3 points
  44. That is an eye opener when it all concentrates on the magnet like that. But the density of the magnetite in the sand is what determines whether and how your detector will be affected. Unfortunately, the Equinox lacks a mineralization meter even though it does monitor mineralization (black sand) levels to 1) accomplish auto GB tracking and 2) to apply transmit power reductions in beach mode. Do you recall what the Deus 2 mineralization meter shows when you pump the D2 in dry and wet sand?
    3 points
  45. These forums here are so rich in information. Thanks to Steve and all the contributors!.
    3 points
  46. May 3 2002 Part One Setting Up The Operation This morning was real cold for early May. We even had hail, enough to coat the ground for an hour before the sun melted it off. Even that didnโ€™t slow us down much. We all had breakfast in my camper which has a bit more room and over morning coffee we discussed our mining plan. We would not need to haul buckets to the creek as Jacob had done back in his day. The reason being we have a pond up on the mountain that was formed by a flooded out mine shaft in the low lying area of ground where the shaft was located. The shaft had been used by the 1960โ€™s crew and the report told us it was 155 ft deep. We have our own proprietary well and pond thanks to them. It was only 300 feet west of this new dig site. I had built a fourteen foot long tom and set up a grizzly and small hopper with spray bars to shovel gravel directly into. We set it near the beginning of the dig to shovel into without hauling any pay by bucket or wheelbarrow. Jacob said we may be able to move the tom as we dig which will really make things faster and easier. We are pumping directly to the hopper and are using a low settling area as a natural small pond for fine tailings runoff. The ground is situated such that the dig site is above the water source so we just notched out a little ditch to take the water from the tailings pond back to the water source. By recycling we should have no water issues for quite some time if at all. We are using a three inch gas pump in conjunction with a water regulator to control pressure and flow. Itโ€™s a fairly simple setup. By mid afternoon we were ready to process gravel. TO BE CONTINUED ...............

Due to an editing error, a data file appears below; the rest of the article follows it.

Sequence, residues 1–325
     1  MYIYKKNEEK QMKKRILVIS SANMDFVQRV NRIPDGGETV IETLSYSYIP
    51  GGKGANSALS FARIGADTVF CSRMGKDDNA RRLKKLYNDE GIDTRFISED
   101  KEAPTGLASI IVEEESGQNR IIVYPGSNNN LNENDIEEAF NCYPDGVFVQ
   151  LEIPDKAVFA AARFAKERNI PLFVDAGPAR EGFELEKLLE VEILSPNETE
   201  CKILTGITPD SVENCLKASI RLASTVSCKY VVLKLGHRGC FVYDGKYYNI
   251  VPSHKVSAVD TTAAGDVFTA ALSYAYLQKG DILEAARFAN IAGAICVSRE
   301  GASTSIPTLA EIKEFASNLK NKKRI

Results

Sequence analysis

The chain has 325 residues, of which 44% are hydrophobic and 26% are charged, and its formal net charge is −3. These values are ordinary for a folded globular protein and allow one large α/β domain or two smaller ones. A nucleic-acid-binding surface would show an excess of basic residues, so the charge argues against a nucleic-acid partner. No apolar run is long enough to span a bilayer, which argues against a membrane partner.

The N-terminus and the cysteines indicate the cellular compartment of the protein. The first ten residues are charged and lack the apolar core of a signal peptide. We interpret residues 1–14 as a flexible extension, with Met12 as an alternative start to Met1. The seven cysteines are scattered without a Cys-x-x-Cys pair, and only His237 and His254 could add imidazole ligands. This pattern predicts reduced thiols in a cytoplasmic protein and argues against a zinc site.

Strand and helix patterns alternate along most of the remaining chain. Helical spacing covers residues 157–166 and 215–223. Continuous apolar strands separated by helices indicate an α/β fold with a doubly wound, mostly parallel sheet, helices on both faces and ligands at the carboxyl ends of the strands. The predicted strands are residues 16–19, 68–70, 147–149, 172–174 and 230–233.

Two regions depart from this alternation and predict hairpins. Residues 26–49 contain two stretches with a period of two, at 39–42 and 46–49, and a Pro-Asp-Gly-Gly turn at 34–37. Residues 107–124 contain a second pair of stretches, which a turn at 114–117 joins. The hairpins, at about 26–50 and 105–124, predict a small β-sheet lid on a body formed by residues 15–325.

3 points
  47. (choking) We're talking Codan/Minelab here, right? Garrett or Nokta, maybe. Bottom line is they are going to do what gets money in their pockets the fastest. Period. Apparently sending large quantities to one location is faster than distributing to many dealers (through distributors). Minelab is more at the command of the parent company and its stockholders than the customers. And I agree, we (finally) have choices in high performing multifrequency detectors and multiple companines making them.
    3 points
  48. Minelab is not making any friends by delaying the most eager customers and dealers while favoring essentially a big box that for the most part, metal detecting is a grain of salt. It would be nice if Minelab figured this out and threw all of us waiting a bone, maybe a finds pouch or digger or "we're sorry". There are enough close comparisons going on that a Mcore is not the only choice we have. โ˜น๏ธ
    3 points